Managing Projects is tough, right? You need a lot of training, experience, an iron will and a cast-iron stomach in order to be able to deal with all of the challenges and complexities that your sponsor, stakeholders, vendors and customers can throw at you. And yet somehow, you manage to survive the experience, and take those battle scars with you as you strive to improve on the next project. Sometimes it seems that if you are not some sort of Superman, you won't survive.
Hardly sounds like fun - who would want to ever manage a project with a bleak future like that ahead of you, with all of your projects viewed as uphill battles?
Not all projects are like that - and in fact, many activities that happen in our everyday lives are, in reality, projects. The problem is that most people don't realize that fact - and yes, I even include the experienced Project Managers.
I also submit to you that managing projects does not have to be tough. It can be fun!
Not only can they be fun, but managing projects is so simple that a child could do it. They may not be quite ready to tackle your multi-million dollar project, but I assure you that children can - and do - manage projects every day. The big difference between their projects and yours is scale and language. But even at that, you may find yourself surprised at what 10-12 year old children (and even younger) can actually do.
Learning to manage projects successfully is an essential life skill - and you are never too young (or too old) to learn how to do it.
Even a Child can do it
Project Management concepts are actually not that hard to understand, but you do need to consider the language you use when teaching children. Let's take a look at how one Project Manager tries to explain things to his 11 year old daughter, and ends up adapting his teaching so she can better understand and use some simple project management techniques to solve a big problem.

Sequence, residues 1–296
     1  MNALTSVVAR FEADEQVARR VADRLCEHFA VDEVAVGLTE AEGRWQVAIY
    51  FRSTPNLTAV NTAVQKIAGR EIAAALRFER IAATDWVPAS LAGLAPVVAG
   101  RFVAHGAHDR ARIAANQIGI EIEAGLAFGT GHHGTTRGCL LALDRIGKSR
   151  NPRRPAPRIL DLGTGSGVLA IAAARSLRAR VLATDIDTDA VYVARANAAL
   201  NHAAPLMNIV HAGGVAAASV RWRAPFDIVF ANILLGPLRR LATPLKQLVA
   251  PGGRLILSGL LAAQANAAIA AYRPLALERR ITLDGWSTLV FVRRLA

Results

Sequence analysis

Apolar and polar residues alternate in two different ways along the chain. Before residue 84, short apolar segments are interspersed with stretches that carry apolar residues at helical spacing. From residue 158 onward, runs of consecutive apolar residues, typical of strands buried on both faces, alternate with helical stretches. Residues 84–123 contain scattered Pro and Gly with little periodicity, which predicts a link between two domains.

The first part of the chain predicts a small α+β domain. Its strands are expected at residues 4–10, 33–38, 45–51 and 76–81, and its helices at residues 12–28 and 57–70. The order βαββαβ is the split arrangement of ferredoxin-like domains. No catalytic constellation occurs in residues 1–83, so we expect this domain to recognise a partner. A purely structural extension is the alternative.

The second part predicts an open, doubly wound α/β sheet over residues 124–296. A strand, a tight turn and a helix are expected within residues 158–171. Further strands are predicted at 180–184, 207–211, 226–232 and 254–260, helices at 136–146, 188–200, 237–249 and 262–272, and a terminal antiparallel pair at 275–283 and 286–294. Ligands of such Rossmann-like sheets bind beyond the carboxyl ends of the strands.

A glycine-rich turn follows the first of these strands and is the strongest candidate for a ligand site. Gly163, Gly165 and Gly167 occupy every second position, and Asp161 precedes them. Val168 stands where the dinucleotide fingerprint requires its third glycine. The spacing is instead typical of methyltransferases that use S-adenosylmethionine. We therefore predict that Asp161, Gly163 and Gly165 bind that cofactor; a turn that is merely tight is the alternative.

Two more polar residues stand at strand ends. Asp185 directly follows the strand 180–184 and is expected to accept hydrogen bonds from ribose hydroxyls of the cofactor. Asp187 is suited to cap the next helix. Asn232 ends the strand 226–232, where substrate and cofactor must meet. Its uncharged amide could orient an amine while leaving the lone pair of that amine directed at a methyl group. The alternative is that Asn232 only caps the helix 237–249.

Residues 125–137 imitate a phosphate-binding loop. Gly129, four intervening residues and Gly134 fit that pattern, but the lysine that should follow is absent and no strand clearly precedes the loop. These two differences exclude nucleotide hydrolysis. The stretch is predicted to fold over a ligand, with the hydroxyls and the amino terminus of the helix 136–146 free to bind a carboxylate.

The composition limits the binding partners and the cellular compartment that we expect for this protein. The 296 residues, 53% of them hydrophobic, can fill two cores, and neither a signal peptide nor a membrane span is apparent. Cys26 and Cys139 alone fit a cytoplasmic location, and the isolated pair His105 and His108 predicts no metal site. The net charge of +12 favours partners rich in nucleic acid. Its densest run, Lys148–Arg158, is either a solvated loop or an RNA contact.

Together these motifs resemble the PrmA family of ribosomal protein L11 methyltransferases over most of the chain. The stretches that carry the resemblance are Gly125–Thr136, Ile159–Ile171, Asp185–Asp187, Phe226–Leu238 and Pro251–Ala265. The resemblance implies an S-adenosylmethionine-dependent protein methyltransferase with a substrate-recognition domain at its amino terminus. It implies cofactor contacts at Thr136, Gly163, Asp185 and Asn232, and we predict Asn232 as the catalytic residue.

Extract from The Ultimate Tree House Project
When Amanda got home, she went into the kitchen to talk to her Mom. Instead, she found her father getting a drink of water from the tap.
“Where’s Mom?” asked Amanda.
“She just went to the store to pick up some spices for dinner. We ran out.” Her father said.
“What’s up, kiddo? You look upset.”
“Boys are stupid.” she said.
Her father raised his eyebrows. “All boys? Including me?”
Amanda looked at her father. Oops! “No, of course not YOU, Dad. You know, BOYS. Especially Ben.”
“Oooh, Boys. What seems to be the problem?” asked her father in a gentle tone.
“They just, they just….ooooo! They are so annoying sometimes!” she exclaimed. “I know how to do what they need to do and they won’t let me help them because I’m a GIRL.”
“And what do they need to do?” he inquired.
“Build a tree house. I mean, the rope ladder for it. I know how to make one, I learned it in Girl Guides. But they won’t listen. They are just dumb boys. They said that No Girls were Allowed, and that’s not fair!” she pouted.
“Well, what’s stopping you from building your own tree house?” asked her father, looking at her closely.
“I….what?” she stopped and looked at her father. “What do you mean?”
“Well, you seem to know how to do some of the things that these silly boys don’t know how to do, so why don’t you build your own tree house?” He looked at her with a sly smile on his face. “We have lots of wood left in the yard from the old fence, and you are welcome to use it to build your own tree house too.”
Realization of what her father was saying crept across her face like a sunrise. “Really? Can I? I mean us Girls? Can we?” she blurted out.
“Of course. Girls are just as capable as boys. Plus you will have a secret weapon!” he announced.
“What secret weapon?” she asked.
“Me!” said her Dad.
“Huh?” she looked at her father closely. “What do you mean?”
“Do you want to make a tree house like your brother?” asked her father.
“Yes! I mean no, the boys’ one looks silly. I want to build a better tree house than them.” She crossed her arms and raised her head defiantly. “I want to build a much better tree house than Ben and his gang.”
“Oh really?” smiled her Dad. “Are you willing to pay the price?”
Amanda suddenly looked uncertain. “What price? I don’t have much of my allowance left. It’s not Saturday yet.”
Her Dad smiled. “Not your money, Amanda. You keep that. The price I am talking about is taking the time to learn how to build your tree house the right way.”
“And what is the right way?” asked Amanda, now puzzled.
“As a PROJECT.” declared her Dad.
“Awww Dad, not work stuff!” groaned Amanda. Her father was a Project Manager for a local construction company. “Work stuff is boring!”
“Just wait and listen,” continued her father. “You need a bit of this work stuff in order to make your tree house better than Ben’s.”